Researchers at Yeshiva University have used transgenic mice to turn on a process that helps keep the liver of older mice young and healthy. Using a double transgenic mouse model that could be modulated to selectively increase the number of receptors for damaged proteins, they found that the process of chaperone-mediated autophagy (CMA) could be controlled to allow mice to continuously degrade and recycle proteins that accumulate with old age. Functionally, this could have significance for diseases like Alzheimer's or Parkinson's.
Professor Ana Maria Cuervo has shown that lysosome function is a crucial part of the ageing process. Cuervo has also shown, he says, the critical role the lysosomal receptor molecules play in keeping the liver clean of damaged proteins.
Lysosome buildup removal is one the seven parts of SENS The lysosens project is targeted at removing the lysosome buildup.
Aubrey de Grey, Methuselah Foundation Chairman and Chief Science Officer and the founder of the SENS (Strategies for Engineered Negligible Senescence) program, is good friends with the senior author. Aubrey says "It's the result of the year - sensational."
Thomas von Zglinicki, Professor of Cellular Gerontology at Newcastle University, said that the results were "very exciting". "It's not often you see studies where they have managed to improve function in this way. "What they seem to have managed is to maintain the mice at this young stage, and both restore and maintain normal activity." He said that it should, in theory, be possible to achieve the same effect across the whole body.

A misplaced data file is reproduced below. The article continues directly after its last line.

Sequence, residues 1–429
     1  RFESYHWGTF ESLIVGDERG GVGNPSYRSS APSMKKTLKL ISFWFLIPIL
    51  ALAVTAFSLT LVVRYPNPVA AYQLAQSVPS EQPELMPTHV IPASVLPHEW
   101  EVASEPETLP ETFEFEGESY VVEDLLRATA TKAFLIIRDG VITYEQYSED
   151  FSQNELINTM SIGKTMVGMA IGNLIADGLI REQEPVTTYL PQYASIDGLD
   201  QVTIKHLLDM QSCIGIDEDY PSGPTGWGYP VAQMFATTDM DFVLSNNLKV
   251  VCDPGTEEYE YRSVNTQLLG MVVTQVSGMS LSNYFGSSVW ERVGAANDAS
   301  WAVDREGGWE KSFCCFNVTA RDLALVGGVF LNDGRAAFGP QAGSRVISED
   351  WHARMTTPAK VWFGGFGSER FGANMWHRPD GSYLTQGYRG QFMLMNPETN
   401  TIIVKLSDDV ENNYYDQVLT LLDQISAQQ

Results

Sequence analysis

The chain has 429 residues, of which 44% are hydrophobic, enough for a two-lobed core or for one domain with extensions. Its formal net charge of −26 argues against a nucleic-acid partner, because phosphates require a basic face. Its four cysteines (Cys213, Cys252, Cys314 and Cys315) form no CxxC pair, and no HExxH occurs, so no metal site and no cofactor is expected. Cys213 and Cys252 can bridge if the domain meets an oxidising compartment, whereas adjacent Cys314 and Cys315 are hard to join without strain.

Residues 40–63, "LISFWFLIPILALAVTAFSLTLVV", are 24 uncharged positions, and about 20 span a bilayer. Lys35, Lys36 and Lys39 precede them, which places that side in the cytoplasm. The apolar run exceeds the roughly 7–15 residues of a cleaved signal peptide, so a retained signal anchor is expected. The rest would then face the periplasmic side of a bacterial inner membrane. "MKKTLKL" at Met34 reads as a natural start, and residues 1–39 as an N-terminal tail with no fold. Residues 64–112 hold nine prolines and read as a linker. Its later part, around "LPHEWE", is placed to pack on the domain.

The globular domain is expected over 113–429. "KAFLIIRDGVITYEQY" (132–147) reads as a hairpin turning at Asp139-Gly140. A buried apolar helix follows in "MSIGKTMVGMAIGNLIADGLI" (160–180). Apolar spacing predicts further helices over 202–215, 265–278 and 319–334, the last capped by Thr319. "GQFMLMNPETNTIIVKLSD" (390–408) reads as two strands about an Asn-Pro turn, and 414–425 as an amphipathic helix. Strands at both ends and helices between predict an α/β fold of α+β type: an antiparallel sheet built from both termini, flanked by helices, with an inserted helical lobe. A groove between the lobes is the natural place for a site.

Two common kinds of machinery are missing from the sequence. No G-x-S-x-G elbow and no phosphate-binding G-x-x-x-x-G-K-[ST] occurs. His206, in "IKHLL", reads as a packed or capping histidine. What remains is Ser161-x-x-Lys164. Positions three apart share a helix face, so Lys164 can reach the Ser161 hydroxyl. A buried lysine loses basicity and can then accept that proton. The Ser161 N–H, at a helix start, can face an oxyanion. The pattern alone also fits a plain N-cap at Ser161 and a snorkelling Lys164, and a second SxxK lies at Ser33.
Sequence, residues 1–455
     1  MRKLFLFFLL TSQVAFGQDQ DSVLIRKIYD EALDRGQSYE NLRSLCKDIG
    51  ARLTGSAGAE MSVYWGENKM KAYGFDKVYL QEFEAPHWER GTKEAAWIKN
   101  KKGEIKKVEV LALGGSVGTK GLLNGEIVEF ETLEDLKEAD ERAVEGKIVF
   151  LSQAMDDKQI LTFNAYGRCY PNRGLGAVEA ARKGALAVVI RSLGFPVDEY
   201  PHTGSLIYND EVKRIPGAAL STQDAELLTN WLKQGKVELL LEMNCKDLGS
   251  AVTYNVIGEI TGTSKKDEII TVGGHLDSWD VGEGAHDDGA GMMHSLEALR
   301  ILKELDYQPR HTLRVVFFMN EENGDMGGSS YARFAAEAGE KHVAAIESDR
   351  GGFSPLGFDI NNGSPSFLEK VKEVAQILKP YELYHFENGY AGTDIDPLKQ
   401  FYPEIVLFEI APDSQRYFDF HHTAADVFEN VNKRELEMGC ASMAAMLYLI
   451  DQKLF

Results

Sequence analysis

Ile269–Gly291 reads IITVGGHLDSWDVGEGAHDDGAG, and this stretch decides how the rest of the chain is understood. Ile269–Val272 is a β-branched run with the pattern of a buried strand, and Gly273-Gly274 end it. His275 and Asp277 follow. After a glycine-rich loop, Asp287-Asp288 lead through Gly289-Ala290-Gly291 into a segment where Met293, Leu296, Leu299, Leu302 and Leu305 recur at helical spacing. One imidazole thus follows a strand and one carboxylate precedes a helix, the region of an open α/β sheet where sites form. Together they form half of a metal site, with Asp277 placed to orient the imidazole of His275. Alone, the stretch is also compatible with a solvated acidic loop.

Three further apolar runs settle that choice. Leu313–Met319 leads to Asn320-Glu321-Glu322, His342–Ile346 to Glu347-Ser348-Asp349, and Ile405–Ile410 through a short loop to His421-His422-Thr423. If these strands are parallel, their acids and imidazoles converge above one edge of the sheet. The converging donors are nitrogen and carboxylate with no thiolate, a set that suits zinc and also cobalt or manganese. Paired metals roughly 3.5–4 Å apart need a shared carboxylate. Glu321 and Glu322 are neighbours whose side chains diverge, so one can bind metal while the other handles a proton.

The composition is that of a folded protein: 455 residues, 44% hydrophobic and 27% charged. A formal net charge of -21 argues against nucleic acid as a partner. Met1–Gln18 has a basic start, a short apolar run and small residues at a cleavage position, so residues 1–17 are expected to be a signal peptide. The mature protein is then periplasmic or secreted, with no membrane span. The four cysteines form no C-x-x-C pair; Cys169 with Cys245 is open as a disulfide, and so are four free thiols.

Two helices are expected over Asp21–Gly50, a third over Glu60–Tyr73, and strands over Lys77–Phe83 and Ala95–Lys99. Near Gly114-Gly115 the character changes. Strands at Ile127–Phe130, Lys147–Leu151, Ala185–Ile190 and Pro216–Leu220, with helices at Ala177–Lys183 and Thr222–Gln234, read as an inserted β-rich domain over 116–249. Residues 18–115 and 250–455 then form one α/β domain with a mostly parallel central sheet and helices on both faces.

A spokesman for the Alzheimer's Society said: "As we age we have an increase in protein misfolding and general faults in protein processing, so the ability to maintain an effective system to clear these would be beneficial.
The Nature Medicine article: Restoration of chaperone-mediated autophagy in aging liver improves cellular maintenance and hepatic function
egradation of cytosolic proteins in lysosomes, contributes to the removal of altered proteins as part of the cellular quality-control systems. We have previously found that CMA activity declines in aged organisms and have proposed that this failure in cellular clearance could contribute to the accumulation of altered proteins, the abnormal cellular homeostasis and, eventually, the functional loss characteristic of aged organisms. To determine whether these negative features of aging can be prevented by maintaining efficient autophagic activity until late in life, in this work we have corrected the CMA defect in aged rodents. We have generated a double transgenic mouse model in which the amount of the lysosomal receptor for CMA, previously shown to decrease in abundance with age, can be modulated. We have analyzed in this model the consequences of preventing the age-dependent decrease in receptor abundance in aged rodents at the cellular and organ levels. We show here that CMA activity is maintained until advanced ages if the decrease in the receptor abundance is prevented and that preservation of autophagic activity is associated with lower intracellular accumulation of damaged proteins, better ability to handle protein damage and improved organ function.
BBC News reports on this research, a US team thinks it may have found the genetic levers to help boost a system vital to cleaning up faulty proteins within our cells.
Fightaging has coverage of this development as well